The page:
Originally created 05/06/02

New restaurant flavor: co-branding

Nine years ago, restaurateur Jody Luihn took a risk.

Business at his KFC in Clayton, N.C., was off. So he combined the eatery with a Taco Bell, a concept almost unheard of at the time.

Sales almost instantly doubled, and Luihn, president of Raleigh-based Luihn Foods, shared the news with Tricon Global Restaurants, owner of the two chains.

Today, co-branding, which puts multiple restaurants under one roof, is one of the hottest trends in the fast-food business.

"I can't think of a franchise today that isn't looking at co-branding," said Don DeBolt, president of the International Franchise Association in New York.

City planners are fans because it encourages compact development. Companies, meanwhile, report increased profits, while franchises benefit because they're appealing to more customers and maximizing space.

Co-branding ultimately saves money because it requires less land and fewer buildings, a plus in commercial areas where costs for prime space suitable for a restaurant are going through the roof.

"Land prices are outrageous and (they) don't seem to be coming down," Luihn said. "We need the extra sales to be able to pay for the property. We can't jump our prices just because land is so high."

That's the main reason several companies say more two-in-one and even three-in-one stores will open in the next few years as the economy picks up.

Louisville, Ky.-based Tricon also owns Pizza Hut. It recently paid $320 million for Long John Silver's, a seafood chain, and A&W Root Beer.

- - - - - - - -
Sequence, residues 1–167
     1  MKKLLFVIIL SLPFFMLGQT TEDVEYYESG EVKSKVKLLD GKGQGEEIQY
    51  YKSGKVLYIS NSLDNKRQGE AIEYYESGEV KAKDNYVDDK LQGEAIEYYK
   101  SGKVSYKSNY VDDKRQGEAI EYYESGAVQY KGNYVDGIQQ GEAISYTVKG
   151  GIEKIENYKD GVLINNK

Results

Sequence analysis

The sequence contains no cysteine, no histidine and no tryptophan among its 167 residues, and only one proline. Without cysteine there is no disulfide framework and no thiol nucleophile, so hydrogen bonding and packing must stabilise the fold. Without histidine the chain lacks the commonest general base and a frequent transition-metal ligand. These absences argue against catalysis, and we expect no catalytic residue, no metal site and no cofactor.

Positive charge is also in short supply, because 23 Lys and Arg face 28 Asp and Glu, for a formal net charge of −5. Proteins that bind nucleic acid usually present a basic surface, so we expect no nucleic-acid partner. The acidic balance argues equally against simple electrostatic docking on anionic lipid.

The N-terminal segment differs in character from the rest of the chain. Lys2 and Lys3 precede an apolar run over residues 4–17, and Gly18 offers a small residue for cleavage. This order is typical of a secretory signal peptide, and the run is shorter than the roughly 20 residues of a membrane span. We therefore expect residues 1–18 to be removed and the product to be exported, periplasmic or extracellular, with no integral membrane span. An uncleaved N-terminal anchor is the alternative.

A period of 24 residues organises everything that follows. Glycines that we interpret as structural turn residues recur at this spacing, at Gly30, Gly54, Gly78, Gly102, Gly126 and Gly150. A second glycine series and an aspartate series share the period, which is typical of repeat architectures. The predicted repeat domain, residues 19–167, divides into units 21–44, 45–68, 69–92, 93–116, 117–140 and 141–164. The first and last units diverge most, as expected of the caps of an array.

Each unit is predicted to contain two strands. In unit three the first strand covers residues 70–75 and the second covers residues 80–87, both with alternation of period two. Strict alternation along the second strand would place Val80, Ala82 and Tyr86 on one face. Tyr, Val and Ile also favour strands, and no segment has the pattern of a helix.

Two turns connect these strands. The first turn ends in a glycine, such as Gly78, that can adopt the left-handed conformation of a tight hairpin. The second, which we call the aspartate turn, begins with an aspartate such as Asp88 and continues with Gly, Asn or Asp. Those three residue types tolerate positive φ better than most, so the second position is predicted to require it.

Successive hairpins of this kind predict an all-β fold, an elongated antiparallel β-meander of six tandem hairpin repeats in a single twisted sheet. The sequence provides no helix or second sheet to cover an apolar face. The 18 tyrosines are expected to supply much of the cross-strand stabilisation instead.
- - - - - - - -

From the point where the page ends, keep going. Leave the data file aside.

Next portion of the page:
Typically, adding a second brand can increase a restaurant's sales by as much as 40 percent. As a result, Tricon is making co-branding a "cornerstone of its new growth," said spokeswoman Michelle Mandro. And so are Dunkin' Donuts, Baskin-Robbins and Togo's Great Sandwiches, brands owned by Allied Dome.

Although combining brands requires more annual franchise fees and a bigger investment in kitchen equipment, there are other benefits.

But put simply, more choices appeal to more customers, increasing the chance that bigger groups will visit the site - resulting in a higher tab.

Co-branding also makes the most of open business hours.

For example, peak sales at Dunkin' Donuts are in the morning, while Baskin-Robbins does better in the afternoon and evening. And Togo's likely would bolster afternoon business.

"What do you do with a Dunkin' Donuts in the afternoon? You dust it," said franchising consultant Michael Seid, co-author of "Franchising for Dummies."

Developers and bankers also find co-branding attractive because it lessens their risk.

If one company has problems or an area's demographics change, chances are the site's co-habitants can help pay the bills.

But restaurant analysts are hesitant to tout the idea, in part because it does come with risks.

"The problem with calling it the wave of the future is people call it a home run," Seid said. "You have to have some thought, other than 'I have two products. I can stick them together.' "

Instead, owners need to realize it's a balancing act and that they need to find restaurants that complement each other. Otherwise, one brand might flourish in a location, while another fails.

Logistics also are important, franchise owners say. The parking lot has to be large enough for traffic from both businesses and owners must ensure the brands don't have the same rush hours. That could strain employees and resources, Seid warned.

There's also a chance of one reputation tarnishing another. If a customer has a bad experience at one company, the chances that he or she visits again are slim, even if it is paired with another name.

Finally, companies should not stuff too many brands under one roof. Two or three seem to work, but four or five could be a stretch.

Or, as Mike Williams, with Karnes Research, says: "Sounds like a recipe for indigestion."


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